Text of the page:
Blogs· 5min September 15, 2022
Natan Yellin is the CEO of Robusta Dev. He has a background as an engineer and has been tackling the challenges of the business world in his role as CEO.
The requirements of software solutions have gone up. When he first got started in programming, Natan would typically: take an application like WordPress, upload some files over FTP to a virtual server and then he'd add some caching solution if required. Today, this kind of level of solution is considered sub par.
Applications are expected to:
Simply put, the bar for an MVP is much higher. Small teams are expected to provide a lot of the same things that people are used to from the big tech giants.
As the expectations of software uptime and functionality have gone up, engineers are shifting left and are responsible for oncall.
Natan thinks there are pros and cons to this approach. When it comes to oncall, engineers are responsible for everything that's happening in production, which is more work, but at the same time they are more connected to the issues that matter to customers.
The other aspect is getting software setup and running. One approach is to say: when running software in Kubernetes or another platform, developers shouldn't know anything about the operational concerns of that underlying platform. Natan thinks this approach is misguided, as developers generally like to learn and explore the DevOps aspects.
Kubernetes seems to be the de-facto choice when it comes to building systems, even if more simple approaches would suffice.
Empirically, the industry is replacing Platform-as-a-Service (PaaS) and simplified higher level abstractions with Kubernetes. Natan attributes this move to two major contributing factors:
However, becoming proficient with Kubernetes is quite an undertaking, as it's such a complex orchestration system. Natan's personal opinion is that front-loading the concerns of managing complex requirements is actually an advantage, as it allows teams to learn from the beginning of the project, when services are simpler. The realities of your system will sooner or later catch up with your engineering teams.
Kubernetes has an active, helpful community. This has helped Form3's transition from Amazon ECS to Kubernetes. The fact that it's a widely adopted, open-source platform also means that the community has built solutions and tooling that they needed.
Robusta makes setup and getting started easier. It provides runbook automations, letting you define rules for what should happen and how to debug different issues that occur. It pools in all the context that you need on your resources, making it easier for both new and experienced engineers to run Kubernetes in production. Robusta doesn't set up clusters, it wraps around around existing technologies in a simpler way.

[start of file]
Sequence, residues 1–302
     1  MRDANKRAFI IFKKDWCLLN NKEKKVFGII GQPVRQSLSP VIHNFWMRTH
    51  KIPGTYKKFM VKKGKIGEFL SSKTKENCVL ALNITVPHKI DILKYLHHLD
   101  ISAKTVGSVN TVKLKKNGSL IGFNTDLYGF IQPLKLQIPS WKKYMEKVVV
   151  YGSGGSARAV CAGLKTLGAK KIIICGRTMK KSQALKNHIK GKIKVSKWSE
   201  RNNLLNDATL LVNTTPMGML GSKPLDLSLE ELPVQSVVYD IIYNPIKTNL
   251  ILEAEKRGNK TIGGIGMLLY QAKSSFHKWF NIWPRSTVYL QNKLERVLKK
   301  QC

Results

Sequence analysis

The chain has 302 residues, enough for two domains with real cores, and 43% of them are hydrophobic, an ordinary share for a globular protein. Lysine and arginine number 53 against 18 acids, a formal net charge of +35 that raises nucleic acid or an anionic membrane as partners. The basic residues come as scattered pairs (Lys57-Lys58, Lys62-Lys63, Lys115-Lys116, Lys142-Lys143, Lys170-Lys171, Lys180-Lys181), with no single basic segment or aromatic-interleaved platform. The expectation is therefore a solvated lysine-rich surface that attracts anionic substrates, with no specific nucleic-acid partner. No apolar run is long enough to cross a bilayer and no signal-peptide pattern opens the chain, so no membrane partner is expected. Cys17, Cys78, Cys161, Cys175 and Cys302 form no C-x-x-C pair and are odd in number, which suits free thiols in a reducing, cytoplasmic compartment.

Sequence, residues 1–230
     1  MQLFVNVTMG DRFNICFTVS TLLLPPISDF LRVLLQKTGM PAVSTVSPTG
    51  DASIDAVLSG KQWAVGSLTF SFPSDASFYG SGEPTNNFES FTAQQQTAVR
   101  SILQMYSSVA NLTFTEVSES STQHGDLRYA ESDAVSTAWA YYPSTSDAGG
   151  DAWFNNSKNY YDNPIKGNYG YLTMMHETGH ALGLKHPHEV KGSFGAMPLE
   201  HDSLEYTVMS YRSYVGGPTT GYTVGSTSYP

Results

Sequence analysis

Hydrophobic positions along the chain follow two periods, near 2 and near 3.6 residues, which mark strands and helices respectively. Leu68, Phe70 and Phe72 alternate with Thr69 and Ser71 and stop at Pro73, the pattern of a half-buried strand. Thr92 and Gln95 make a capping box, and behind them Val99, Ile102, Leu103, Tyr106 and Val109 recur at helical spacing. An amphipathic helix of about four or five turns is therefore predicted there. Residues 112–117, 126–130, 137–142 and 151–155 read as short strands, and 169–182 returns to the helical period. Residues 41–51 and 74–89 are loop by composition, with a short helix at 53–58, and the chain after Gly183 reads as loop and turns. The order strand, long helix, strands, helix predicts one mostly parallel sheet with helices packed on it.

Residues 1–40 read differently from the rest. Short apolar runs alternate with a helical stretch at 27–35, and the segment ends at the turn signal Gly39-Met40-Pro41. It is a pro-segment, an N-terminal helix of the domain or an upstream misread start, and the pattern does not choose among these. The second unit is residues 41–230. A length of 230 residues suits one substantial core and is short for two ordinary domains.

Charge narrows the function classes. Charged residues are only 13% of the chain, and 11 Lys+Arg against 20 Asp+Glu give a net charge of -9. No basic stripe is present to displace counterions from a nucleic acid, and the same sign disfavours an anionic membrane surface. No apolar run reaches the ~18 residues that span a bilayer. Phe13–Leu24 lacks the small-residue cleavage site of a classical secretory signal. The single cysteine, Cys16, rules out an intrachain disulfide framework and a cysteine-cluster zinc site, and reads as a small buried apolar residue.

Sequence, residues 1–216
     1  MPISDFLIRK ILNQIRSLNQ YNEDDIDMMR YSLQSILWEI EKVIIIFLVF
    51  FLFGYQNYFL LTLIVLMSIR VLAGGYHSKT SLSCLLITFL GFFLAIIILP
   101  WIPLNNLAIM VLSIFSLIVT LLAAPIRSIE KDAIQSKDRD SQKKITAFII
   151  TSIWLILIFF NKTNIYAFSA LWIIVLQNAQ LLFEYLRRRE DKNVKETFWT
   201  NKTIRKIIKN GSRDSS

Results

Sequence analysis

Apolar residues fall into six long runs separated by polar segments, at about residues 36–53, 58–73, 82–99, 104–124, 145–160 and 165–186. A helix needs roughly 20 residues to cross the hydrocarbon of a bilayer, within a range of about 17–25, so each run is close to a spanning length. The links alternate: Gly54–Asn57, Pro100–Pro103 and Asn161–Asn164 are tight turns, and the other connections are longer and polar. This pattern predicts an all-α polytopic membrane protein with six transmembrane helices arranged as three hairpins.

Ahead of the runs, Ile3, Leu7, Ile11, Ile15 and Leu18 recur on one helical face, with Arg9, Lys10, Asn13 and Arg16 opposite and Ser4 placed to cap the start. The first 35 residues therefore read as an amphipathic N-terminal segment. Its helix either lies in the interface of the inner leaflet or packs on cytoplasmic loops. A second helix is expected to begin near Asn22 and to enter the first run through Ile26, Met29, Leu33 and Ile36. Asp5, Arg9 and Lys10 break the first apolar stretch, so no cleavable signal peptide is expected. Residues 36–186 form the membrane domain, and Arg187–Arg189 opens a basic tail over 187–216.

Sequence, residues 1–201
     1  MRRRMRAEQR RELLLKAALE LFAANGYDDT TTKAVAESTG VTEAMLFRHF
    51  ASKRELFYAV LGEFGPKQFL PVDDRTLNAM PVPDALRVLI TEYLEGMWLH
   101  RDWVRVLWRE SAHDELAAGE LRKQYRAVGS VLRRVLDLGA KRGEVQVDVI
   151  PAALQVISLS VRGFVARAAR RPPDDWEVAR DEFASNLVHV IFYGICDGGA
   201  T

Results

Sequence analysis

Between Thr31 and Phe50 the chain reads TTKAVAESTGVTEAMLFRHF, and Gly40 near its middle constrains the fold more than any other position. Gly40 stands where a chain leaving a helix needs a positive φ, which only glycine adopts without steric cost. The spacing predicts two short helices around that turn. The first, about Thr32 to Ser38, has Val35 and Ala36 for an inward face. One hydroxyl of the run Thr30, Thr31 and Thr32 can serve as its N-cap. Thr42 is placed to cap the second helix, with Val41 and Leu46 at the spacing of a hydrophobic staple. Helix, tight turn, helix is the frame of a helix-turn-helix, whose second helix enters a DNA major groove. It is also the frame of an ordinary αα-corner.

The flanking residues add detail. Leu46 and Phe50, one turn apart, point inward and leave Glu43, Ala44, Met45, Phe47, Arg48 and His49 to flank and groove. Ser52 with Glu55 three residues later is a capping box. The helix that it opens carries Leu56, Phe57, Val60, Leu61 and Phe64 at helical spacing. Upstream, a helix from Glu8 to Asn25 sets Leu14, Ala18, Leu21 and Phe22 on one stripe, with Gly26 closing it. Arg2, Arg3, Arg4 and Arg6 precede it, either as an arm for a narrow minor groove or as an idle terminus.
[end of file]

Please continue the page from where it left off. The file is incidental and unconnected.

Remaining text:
Users do not have to configure anything to get started. All of the core functionality is open-source and requires zero configuration. Robusta provides an engine that users can then leverage to write their rules, but it has built in knowledge that is constantly evolving as well. Alert data is decorated by the Robusta runtime, so it provides fully dynamic explanations.
Robusta provides support for a wide variety of synchronisation channels, most common being Slack, Microsoft Teams and Opsgenie. It also provides an interactive platform, which provides automatic or manual actions that can remediate alerts. These make it easier for engineers on call to remediate issues all without code changes.
Natan explains that Robusta was built to solve the bigger problem of software becoming more complex, rather than the narrow problems of running Kubernetes in production. The big idea is that it's possible to capture the knowledge of issues and how to fix them and deliver them as automations, exactly when you need them. This is where the excitement and power of the Robusta platform comes in.
Make sure to explore these excellent resources to learn more from Natan:
Adelina is a polyglot engineer and developer relations professional, with a decade of technical experience at multiple startups in London. She started her career as a Java backend engineer, converted later to Go, and then transitioned to a full-time developer relations role. She has published multiple online courses about Go on the LinkedIn Learning platform, helping thousands of developers up-skill with Go. She has a passion for public speaking, having presented on cloud architectures at major European conferences. Adelina holds an MSc. Mathematical Modelling and Computing degree.
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